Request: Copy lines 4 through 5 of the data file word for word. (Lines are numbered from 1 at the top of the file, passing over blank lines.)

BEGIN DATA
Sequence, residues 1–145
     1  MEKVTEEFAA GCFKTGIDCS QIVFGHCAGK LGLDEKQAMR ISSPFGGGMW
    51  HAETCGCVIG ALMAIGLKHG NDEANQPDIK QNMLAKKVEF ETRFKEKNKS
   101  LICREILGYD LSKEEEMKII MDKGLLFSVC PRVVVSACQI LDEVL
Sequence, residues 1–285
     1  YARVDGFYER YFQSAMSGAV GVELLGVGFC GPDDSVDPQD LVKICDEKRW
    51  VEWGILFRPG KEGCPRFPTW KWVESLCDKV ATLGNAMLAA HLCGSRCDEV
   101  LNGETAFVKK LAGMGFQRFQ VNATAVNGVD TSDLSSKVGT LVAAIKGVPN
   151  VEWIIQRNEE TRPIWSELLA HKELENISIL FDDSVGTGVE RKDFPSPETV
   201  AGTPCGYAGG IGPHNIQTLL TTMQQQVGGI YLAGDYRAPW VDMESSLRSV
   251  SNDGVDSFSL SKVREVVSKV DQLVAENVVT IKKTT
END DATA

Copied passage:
   101  LICREILGYD LSKEEEMKII MDKGLLFSVC PRVVVSACQI LDEVL
Sequence, residues 1–285